Lady Liberty: action star

She doesn’t just stand around all the time, you know

The Statue of Liberty turns up in plenty of movies, and not always as a simple set dressing. Sometimes she’s the scene for kick-ass action. Hell, sometimes she even takes part.

Ghostbusters II (1989). With New York City in dire peril, the Ghostbusters form a daring plan to bring Lady Liberty to life using ectoplasmic slime. They hose the big girl down with the stuff, install some loudspeakers and a Nintendo joystick, and take the statue for a stroll down the streets of Manhattan, just in time for her to smash open the villain’s lair with her torch. It’s not as cool as the Stay Puft Marshmallow Man from the first film, but how could it be?

Remo Williams: The Adventure Begins (1985). Bringing the “Destroyer” pulp novels to movie screens for the first (and despite the title, only) time, this tongue-in-cheek action flick flopped with critics and audiences, despite a likable Fred Ward in the leading role. The Statue of Liberty was undergoing extensive restoration at the time of filming, and the surrounding scaffolding served as the arena for a climactic action scene, with Ward even finding himself standing awkwardly on her shoulder. The poster showed him dangling from one of her hat spikes!

Jungle 2 Jungle (1997). A bad Tim Allen vehicle, based on a bad French comedy, this stinker finds Allen discovering that he has a 13-year-old son from his first marriage, and that the boy has been raised in an isolated Venezuelan tribe. The lad wears a loincloth, carries a blowpipe and a pet tarantula, and climbs the Statue of Liberty in order to bring the flames of her torch back to his tribal home. (We’re invited to laugh at his primitive upbringing when he learns that the flames aren’t real. Ha! You illiterate savage!) Gene Siskel cited this as the worst film of 1997.

Cloverfield (2008). The statue faces a big honkin’ monster! Statue loses.

Superman III (1983). Apparently, the fictional city of Metropolis also has its own Statue of Liberty, because it keeps turning up in the Christopher Reeve films. Its appearance in the third film is decidedly odd, because that’s where an “evil” Superman (his demeanour altered by exposure to synthetic Kryptonite) hooks up with a bosomy blonde who’s working for the bad guy. Yep, Supes just flies up to Ms. Liberty’s hat, finds a scantily clad floozy up there, and negotiates with her for sex. Surely, this must be the weirdest Statue of Liberty scene in the whole Superman canon, right?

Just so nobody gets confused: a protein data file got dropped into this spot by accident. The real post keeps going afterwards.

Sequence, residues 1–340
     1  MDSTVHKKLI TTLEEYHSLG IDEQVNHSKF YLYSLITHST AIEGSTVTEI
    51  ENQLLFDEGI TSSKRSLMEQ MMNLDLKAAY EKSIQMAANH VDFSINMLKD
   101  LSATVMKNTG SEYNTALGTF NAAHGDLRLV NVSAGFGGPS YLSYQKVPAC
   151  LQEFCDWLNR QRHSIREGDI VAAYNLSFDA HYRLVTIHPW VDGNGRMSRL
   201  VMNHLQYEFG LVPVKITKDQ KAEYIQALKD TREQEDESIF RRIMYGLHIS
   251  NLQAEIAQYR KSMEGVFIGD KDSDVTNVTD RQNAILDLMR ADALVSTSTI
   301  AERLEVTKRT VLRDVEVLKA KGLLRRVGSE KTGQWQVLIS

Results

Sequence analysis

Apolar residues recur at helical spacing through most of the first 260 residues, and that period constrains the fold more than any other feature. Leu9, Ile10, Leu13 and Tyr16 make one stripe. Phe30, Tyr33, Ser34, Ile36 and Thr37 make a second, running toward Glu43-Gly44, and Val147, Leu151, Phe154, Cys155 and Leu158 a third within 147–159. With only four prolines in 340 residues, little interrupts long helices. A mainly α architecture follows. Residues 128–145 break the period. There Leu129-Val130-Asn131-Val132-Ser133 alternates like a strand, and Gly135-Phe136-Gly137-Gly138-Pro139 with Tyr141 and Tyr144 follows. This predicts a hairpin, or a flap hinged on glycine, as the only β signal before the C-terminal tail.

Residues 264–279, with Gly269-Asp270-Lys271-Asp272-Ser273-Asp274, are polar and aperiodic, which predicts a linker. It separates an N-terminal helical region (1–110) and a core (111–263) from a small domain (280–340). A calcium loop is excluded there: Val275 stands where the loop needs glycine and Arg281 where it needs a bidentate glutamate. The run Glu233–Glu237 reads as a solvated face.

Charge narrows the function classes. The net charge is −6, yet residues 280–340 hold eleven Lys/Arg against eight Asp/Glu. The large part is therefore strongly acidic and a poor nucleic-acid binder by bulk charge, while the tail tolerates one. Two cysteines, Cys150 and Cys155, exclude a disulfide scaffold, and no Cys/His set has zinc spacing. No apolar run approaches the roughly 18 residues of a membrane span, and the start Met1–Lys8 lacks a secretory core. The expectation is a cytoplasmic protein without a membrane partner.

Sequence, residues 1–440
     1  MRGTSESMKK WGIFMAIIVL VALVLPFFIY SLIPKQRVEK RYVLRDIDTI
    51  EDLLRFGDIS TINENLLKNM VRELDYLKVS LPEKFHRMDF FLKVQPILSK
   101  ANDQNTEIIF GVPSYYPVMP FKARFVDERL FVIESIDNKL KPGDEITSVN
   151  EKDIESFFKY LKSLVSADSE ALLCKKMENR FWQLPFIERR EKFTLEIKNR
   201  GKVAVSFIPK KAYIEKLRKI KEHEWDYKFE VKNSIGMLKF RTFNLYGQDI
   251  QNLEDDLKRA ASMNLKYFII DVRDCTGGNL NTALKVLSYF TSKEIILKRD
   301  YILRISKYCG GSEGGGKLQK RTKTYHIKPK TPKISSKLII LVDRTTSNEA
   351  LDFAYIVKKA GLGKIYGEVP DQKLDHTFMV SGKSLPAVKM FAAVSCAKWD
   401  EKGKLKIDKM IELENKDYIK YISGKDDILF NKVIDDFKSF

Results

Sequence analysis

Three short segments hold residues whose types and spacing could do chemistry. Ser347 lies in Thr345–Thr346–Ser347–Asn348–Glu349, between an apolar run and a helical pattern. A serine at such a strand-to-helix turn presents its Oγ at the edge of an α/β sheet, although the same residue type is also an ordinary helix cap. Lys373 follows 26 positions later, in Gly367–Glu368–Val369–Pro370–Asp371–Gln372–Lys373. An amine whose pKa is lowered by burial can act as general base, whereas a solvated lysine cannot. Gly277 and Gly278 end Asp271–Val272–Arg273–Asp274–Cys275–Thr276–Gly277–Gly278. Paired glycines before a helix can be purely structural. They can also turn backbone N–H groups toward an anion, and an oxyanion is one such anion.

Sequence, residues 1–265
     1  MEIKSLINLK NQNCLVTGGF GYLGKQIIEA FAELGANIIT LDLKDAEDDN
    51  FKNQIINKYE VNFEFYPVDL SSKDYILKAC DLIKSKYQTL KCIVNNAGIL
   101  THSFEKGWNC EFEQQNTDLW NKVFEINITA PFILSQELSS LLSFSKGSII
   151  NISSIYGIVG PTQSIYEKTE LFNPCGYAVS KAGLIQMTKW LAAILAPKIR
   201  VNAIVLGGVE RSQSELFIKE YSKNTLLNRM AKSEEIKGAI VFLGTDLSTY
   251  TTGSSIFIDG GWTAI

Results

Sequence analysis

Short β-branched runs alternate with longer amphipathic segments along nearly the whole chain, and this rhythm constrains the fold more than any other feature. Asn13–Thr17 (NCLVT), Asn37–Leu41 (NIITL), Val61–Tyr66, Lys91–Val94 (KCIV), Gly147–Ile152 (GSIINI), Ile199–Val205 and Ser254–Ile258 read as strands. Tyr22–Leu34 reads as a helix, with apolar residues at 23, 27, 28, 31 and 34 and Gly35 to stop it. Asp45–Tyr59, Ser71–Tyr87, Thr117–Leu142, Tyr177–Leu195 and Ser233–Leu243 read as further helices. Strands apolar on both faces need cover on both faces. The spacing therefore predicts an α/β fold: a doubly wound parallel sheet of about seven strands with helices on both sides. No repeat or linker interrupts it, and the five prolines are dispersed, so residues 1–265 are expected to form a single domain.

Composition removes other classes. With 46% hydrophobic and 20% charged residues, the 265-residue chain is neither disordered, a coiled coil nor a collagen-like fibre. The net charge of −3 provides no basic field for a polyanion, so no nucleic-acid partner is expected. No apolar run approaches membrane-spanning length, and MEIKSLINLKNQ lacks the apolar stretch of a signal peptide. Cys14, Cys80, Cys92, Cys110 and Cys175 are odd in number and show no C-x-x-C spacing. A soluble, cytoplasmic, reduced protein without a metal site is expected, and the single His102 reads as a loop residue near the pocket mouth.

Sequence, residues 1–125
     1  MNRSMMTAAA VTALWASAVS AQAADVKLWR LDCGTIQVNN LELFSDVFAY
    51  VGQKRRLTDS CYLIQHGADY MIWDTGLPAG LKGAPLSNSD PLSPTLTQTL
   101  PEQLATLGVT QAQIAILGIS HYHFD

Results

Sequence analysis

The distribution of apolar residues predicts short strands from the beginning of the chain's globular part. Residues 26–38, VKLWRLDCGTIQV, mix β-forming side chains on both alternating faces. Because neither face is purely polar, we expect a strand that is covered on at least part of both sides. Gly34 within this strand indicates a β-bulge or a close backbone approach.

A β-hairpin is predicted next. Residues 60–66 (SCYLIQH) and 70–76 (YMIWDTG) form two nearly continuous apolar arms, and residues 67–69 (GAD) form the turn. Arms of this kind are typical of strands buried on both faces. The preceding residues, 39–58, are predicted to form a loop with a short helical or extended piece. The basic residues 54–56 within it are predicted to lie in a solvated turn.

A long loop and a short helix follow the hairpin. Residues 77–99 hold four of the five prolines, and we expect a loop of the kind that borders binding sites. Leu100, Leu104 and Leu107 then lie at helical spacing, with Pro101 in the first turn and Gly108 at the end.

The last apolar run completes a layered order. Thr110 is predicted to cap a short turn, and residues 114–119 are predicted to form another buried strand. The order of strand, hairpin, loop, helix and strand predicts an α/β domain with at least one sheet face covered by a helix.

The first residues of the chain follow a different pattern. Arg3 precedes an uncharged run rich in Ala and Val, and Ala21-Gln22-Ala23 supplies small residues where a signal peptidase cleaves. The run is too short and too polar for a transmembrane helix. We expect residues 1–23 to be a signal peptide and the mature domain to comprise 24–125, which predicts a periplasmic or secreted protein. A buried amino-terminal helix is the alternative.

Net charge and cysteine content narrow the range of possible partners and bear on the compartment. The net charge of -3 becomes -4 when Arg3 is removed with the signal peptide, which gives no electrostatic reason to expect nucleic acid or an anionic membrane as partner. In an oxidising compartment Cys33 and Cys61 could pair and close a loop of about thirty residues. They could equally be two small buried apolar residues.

Superman IV: The Quest for Peace (1987). Nope. Lady Liberty becomes a calamitous projectile! New bad guy Nuclear Man picks the statue up and flings it into the core of the city! Don’t worry though; Supes just catches her and puts her back on her pedestal.

Planet of the Apes (1968). You maniacs! You blew it up! Damn you! Damn you all to Hell!

Saboteur (1942). White-knuckle suspense from the master of same, Alfred Hitchcock. Check out the astonishing scene with the guy dangling helplessly from the Statue’s torch, before plunging to his death.

X-Men (2000). The climactic battle of this superhero free-for-all takes place on, in and around the Statue of Liberty. It marks one of Ms. Liberty’s most action-packed film appearances. You could even buy a plastic Statue of Liberty playset, where your Magneto action figure could reshape the statue’s metal struts into restraining manacles, and a push of a button could catapult your Wolverine figure off of her spiky noggin.

Godzilla vs. Statue. This hilarious 80-second cartoon short is available on YouTube, and depicts a titanic battle between a city-demolishing giant lizard, and a sassy giant statue who takes umbrage at this behaviour. Both characters are depicted as simple stick-man type line drawings, and all of the dialogue and sound effects sound like a little kid making “crash” and “whoosh” noises. It gets a bit rude, with Lady Liberty shoving her torch up Godzilla’s rectum, and distracting him by giving the monster a quick glimpse under her toga. This wacky ’toon turned out to be part of a huge series of similar “versus” cartoons, made in Russia, and pitting dozens of unlicensed pop-culture icons against one another. There isn’t much English-language info on these films, but the English words “XPYC team” and “Red Medusa” pop up a lot, so get Googling, and you’ll be treated to such bizarre matchups as “Jackie Chan vs. Sauron,” “Frodo vs. Harry Potter,” “Luke Skywalker vs. Neo,” “Obelix vs. Peter Pan” and “ALF vs. Puss in Boots.”



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